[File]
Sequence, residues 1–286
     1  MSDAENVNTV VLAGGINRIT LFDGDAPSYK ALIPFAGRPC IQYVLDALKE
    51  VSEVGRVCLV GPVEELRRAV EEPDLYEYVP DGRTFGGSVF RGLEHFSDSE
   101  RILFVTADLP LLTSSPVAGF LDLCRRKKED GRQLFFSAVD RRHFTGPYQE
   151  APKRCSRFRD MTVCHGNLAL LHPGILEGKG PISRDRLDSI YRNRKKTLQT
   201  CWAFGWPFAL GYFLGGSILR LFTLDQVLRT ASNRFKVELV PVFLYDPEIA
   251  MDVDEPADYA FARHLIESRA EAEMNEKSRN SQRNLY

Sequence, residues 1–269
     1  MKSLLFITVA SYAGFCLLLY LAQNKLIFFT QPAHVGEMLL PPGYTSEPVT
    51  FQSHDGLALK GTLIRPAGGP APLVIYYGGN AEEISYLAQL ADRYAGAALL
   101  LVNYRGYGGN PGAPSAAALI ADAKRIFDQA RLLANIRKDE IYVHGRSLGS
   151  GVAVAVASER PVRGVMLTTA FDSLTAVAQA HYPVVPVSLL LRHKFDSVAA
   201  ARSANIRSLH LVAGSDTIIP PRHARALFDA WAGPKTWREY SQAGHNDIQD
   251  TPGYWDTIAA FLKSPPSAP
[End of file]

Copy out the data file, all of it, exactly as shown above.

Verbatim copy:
Sequence, residues 1–286
     1  MSDAENVNTV VLAGGINRIT LFDGDAPSYK ALIPFAGRPC IQYVLDALKE
    51  VSEVGRVCLV GPVEELRRAV EEPDLYEYVP DGRTFGGSVF RGLEHFSDSE
   101  RILFVTADLP LLTSSPVAGF LDLCRRKKED GRQLFFSAVD RRHFTGPYQE
   151  APKRCSRFRD MTVCHGNLAL LHPGILEGKG PISRDRLDSI YRNRKKTLQT
   201  CWAFGWPFAL GYFLGGSILR LFTLDQVLRT ASNRFKVELV PVFLYDPEIA
   251  MDVDEPADYA FARHLIESRA EAEMNEKSRN SQRNLY

Sequence, residues 1–269
     1  MKSLLFITVA SYAGFCLLLY LAQNKLIFFT QPAHVGEMLL PPGYTSEPVT
    51  FQSHDGLALK GTLIRPAGGP APLVIYYGGN AEEISYLAQL ADRYAGAALL
   101  LVNYRGYGGN PGAPSAAALI ADAKRIFDQA RLLANIRKDE IYVHGRSLGS
   151  GVAVAVASER PVRGVMLTTA FDSLTAVAQA HYPVVPVSLL LRHKFDSVAA
   201  ARSANIRSLH LVAGSDTIIP PRHARALFDA WAGPKTWREY SQAGHNDIQD
   251  TPGYWDTIAA FLKSPPSAP